Mystic Timbre: The Short, Sweet Life of a Tape Label
While I love listening to music on tape (as you should know!), I have a great affection for the labels that are sending these out like messages in a bottle. Recently, I stumbled across Mystic Timbre, which as a label had amassed a massive catalog within months! The radiophonic dreams and dungeon synth tunes coexisted with each other, attracting a small, cult audience from remote regions, and along with it a motley of sounds from around the world. Mystic Timbre may not have been a huge label, but its consistent uploads made it worth making the rounds.
At the start of July, the one-man machine behind Mystic Timbre, Anthony, announced that the label would be going on an indefinite hiatus, still fulfilling orders to clear out stock. A number of labels I’ve followed this year have enacted hiatuses or sudden stops, before their sound or aesthetic can be fully established. Seeing Mystic Timbre go on hiatus is a bummer, yet it offered the opportunity for reflection. I reached out to Anthony to discuss the logistics of running the label (from shipping to artistic packaging), and what happens next for MT.
In general, what kickstarted the conception of Mystic Timbre?
Originally, Mystic Timbre was supposed to be a single, unified outlet for me to release the various music I’d made from 2009-2019. I had many hours of music that I’d never done anything with, ranging in style from ambient to electronic to progressive. To my very categorically-oriented mind, it wouldn’t have made sense to make a single artist page on Bandcamp and throw them all up there, so I made a ‘label’ account and was able to come up with a series of aliases to group the differing styles under, all under the umbrella of the label. I figured that way if someone found the music of one of the aliases and enjoyed it, they might stumble upon the other aliases as well. Two of the aliases encompassed music I’d made with my roommate Sam, while the rest were of my own creations.
In planning all of this, I decided to bring two of my longtime internet friends, Alex/Pink and Yellow + Jordan/Exquisite Ghost, into the fold, as we’d spent the length of that decade sharing our music with one another after meeting on an old forum offshoot of the now-defunct mxtabs website, musicianforums. I’d saved up a bunch of money from delivering pizza at an outrageously busy Domino’s in South Austin, and had the means to basically put the mass conglomerate of our previously-unreleased music out in a somewhat coordinated effort. So, over the course of spring/summer 2019, I put 21 of our albums to tape and released them in batches of seven every other month.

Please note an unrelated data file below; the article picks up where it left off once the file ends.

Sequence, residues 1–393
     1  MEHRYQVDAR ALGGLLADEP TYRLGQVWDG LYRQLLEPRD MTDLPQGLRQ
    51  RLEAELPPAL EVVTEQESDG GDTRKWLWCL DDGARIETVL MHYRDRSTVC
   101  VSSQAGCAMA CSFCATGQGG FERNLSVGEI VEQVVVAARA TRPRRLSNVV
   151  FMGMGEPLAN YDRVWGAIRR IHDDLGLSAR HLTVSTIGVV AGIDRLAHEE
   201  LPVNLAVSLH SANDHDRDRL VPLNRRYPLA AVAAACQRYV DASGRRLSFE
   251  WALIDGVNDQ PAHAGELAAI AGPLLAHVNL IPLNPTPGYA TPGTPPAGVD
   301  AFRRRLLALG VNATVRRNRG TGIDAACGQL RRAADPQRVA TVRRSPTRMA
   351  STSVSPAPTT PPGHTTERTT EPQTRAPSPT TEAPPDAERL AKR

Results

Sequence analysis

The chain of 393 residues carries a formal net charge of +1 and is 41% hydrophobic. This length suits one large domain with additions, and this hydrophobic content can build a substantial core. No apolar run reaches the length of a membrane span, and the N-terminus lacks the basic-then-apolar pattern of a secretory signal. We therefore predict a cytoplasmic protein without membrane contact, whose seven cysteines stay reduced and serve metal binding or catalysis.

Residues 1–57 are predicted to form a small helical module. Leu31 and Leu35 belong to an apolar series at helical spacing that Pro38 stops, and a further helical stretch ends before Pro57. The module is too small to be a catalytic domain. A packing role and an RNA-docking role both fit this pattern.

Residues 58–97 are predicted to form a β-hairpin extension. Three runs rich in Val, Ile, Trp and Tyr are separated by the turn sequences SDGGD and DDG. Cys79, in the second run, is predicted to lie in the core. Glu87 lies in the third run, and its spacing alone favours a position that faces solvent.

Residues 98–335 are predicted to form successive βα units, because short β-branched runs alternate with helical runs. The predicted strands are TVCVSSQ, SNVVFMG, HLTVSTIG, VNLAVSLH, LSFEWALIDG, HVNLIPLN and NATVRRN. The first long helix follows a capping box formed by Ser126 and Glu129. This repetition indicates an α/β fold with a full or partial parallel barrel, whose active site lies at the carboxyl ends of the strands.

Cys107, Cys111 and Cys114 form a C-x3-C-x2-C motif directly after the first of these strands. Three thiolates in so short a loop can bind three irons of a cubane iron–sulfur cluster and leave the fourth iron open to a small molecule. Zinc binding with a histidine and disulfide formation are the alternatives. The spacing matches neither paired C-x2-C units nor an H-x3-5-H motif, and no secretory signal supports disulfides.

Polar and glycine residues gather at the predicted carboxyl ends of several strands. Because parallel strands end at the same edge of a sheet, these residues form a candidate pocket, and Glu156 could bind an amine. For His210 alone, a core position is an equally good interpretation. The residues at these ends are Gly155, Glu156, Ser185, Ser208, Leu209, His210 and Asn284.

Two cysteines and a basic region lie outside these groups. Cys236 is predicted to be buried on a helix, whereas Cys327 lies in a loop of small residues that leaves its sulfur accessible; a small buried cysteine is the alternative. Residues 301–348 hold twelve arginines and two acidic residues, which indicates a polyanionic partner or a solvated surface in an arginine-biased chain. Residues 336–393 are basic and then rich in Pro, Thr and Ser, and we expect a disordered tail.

It was a rather expansive project for someone with no connections or any previous success releasing music, to say the least haha. It was slow-going at first, but by the release of the third batch of seven tapes, a small following started to form; mostly this was not a result of any promotional effort on my part, but a ‘grassroots,’ if you will, success of the 21st album, How the Garden Grows. That’s about when I started receiving submissions from artists all over the world and began working with some of them to release their own music through the label.
What labels played a role in the sonic and aesthetic development of Mystic Timbre? There’s a lot of synth sounds that seem to descend from some tentacle of Komische, but it’s hard to pin down where the label is coming from!
In the sense that Mystic Timbre was never run with a focus on or intention of a specific sound or style, but rather whatever creative output my friends, new and old, and I came up with, I can’t say there are any other labels that played a role in its development. It has been an amorphous label, and I’ve tried to shape the aesthetics and sonics of each release entirely around what best served that release, and not in accordance with a firm preconception of what the label is.
In many ways, it’s probably the wrong way to do things in order to make a successful label, but I’m proud of everything we released and am thankful for the opportunities to have worked with the artists.
How many artists locally and internationally have you all worked with and what has been the release you are most grateful for having had an opportunity to put out?
Including myself and Sam, Mystic Timbre has released music from 18 artists spread out all over the world. To make my own Pitbull verse, I’ll do a roll call of all the cities represented, starting with Austin and branching out from there:
“Austin, TX; New Orleans, LA; Lawrence, KS; Nashville, TN; Savannah, GA; Indianapolis, IN; Winnipeg, MB; Uruguaiana, RS; three from the greater London area, Glasgow, UK; Stockholm, and then all the way over to Osaka.”
To have had the opportunity to get to know and work with so many people from disparate parts of the world, and even within the US, I would not have otherwise has, without a doubt, been the most fulfilling part of the label—has made it all worth it. There isn’t any one release of which I could single out as being more or less fulfilling than the rest.
By the way, how long does it take from contacting an artist to release day?
Due to the somewhat patchwork nature of the whole label’s affairs, the length of time from conception to release varied with each album. I was working at a pretty frenetic pace most of the time, so it would often happen quickly, sometimes less than a week between deciding upon a release to having it ready to be pressed to tape. My work mostly involved mastering the music, arranging the track order, and designing the artwork layout, all of which I usually completed in a few days’ time.